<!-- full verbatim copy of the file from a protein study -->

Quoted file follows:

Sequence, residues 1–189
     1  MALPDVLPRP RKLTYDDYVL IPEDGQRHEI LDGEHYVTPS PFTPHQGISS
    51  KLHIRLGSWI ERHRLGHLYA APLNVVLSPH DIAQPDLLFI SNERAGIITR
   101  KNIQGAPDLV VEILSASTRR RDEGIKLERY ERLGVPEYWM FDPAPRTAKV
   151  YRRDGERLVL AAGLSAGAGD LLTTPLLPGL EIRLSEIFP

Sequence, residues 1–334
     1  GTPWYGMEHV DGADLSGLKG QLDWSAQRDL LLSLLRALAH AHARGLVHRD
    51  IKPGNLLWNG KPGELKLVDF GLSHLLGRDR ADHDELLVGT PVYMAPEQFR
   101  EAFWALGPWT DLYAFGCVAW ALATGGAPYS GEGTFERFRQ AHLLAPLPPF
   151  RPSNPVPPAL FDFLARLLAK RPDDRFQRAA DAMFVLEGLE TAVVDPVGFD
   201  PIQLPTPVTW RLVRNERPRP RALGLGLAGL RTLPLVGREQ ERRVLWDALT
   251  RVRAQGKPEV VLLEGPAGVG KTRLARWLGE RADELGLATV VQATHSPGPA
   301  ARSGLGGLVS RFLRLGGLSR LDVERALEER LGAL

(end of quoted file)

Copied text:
Sequence, residues 1–189
     1  MALPDVLPRP RKLTYDDYVL IPEDGQRHEI LDGEHYVTPS PFTPHQGISS
    51  KLHIRLGSWI ERHRLGHLYA APLNVVLSPH DIAQPDLLFI SNERAGIITR
   101  KNIQGAPDLV VEILSASTRR RDEGIKLERY ERLGVPEYWM FDPAPRTAKV
   151  YRRDGERLVL AAGLSAGAGD LLTTPLLPGL EIRLSEIFP

Sequence, residues 1–334
     1  GTPWYGMEHV DGADLSGLKG QLDWSAQRDL LLSLLRALAH AHARGLVHRD
    51  IKPGNLLWNG KPGELKLVDF GLSHLLGRDR ADHDELLVGT PVYMAPEQFR
   101  EAFWALGPWT DLYAFGCVAW ALATGGAPYS GEGTFERFRQ AHLLAPLPPF
   151  RPSNPVPPAL FDFLARLLAK RPDDRFQRAA DAMFVLEGLE TAVVDPVGFD
   201  PIQLPTPVTW RLVRNERPRP RALGLGLAGL RTLPLVGREQ ERRVLWDALT
   251  RVRAQGKPEV VLLEGPAGVG KTRLARWLGE RADELGLATV VQATHSPGPA
   301  ARSGLGGLVS RFLRLGGLSR LDVERALEER LGAL